A Beginner’s Guide to Submitting to Literary Magazines

A Beginner’s Guide to Submitting to Literary Magazines

Angelica Recierdo, inside columnist

Whether you are an English major trying to expand your portfolio or a closet writer with a desire to be heard, navigating the world of literary magazines and journals can be daunting. Here is a timeline and some tips to submitting and getting published.

1. Write and write some more

Start journaling or keeping track of pieces you’ve written for school or for fun. The more work you have, the better the chance of something you have being worthy of submission.

2. Workshop and edit

Have people whose opinions you value and trust read your work. Go to writing centers and attend workshops where professionals in the industry can lend you advice on how to revise a piece. Make sure you are confident about and proud of what you are submitting.

 

3. Research and sift

Now that you have a substantial piece, go to online databases to look up magazines and journals that fit your interests and qualifications. A medical piece would not belong in a nature journal, and a novice writer would probably not be submitting to Glimmer Train (which has an acceptance rate lower than Harvard University). Sites like NewPages and Poets & Writers have reliable search engines that can help you narrow down your options.

4. Follow in the paths of similar writers

Did someone in your class or writing group get published? Ask them about it, and it’s likely that being of similar ability/interest, you would be a good fit for that place, too. Networking as a writer is important to getting behind-the-scenes tips on what publications are looking for and there’s nothing more valuable than a fellow writer who has been there, too.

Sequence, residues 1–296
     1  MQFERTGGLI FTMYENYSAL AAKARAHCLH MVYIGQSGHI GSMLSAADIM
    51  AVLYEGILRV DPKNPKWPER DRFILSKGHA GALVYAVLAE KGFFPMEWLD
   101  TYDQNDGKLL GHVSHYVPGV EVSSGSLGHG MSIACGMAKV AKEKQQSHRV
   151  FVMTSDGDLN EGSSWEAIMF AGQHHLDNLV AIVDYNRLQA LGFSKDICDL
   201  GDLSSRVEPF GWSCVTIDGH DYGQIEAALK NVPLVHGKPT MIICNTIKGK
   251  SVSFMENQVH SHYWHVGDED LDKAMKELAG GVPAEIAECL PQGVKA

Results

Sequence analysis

5. Follow in the path of better writers

Think about the writers you admire and whose work inspires you to put your voice on paper. Take a look at where their first publications were and work up to that quality. Choosing lit mags is very much like choosing colleges – you have to have several safety ones, some matches and one or two reaches. Having a goal, like getting published in The Huffington Post or The New Yorker, directs your practice as a writer and motivates you to be better every day.

6. Adhere to guidelines and instructions

Many magazines and journals have very specific guidelines on what they are looking for in submissions, that may be in formatting, fees, word count, genre and anything else you can think of. Since writing is subjective, one person may love your style and the next may not care for it. Nevertheless, keep submitting. Keep in mind Pablo Picasso’s wise words: “Learn the rules like a pro, so you can break them like an artist.”

7. Always write for yourself

Don’t ever get caught up in the woes of the slush pile. A rejection doesn’t define you as a writer, and you have nothing to prove to anyone. Always remember why you picked up the craft: for your love of storytelling or way with words. Writing in and of itself is a solitary act, so join a group, share your work online and in print and put the self in self-expression.


            -Angelica Recierdo can be reached at [email protected]

Photo by Alana Dore

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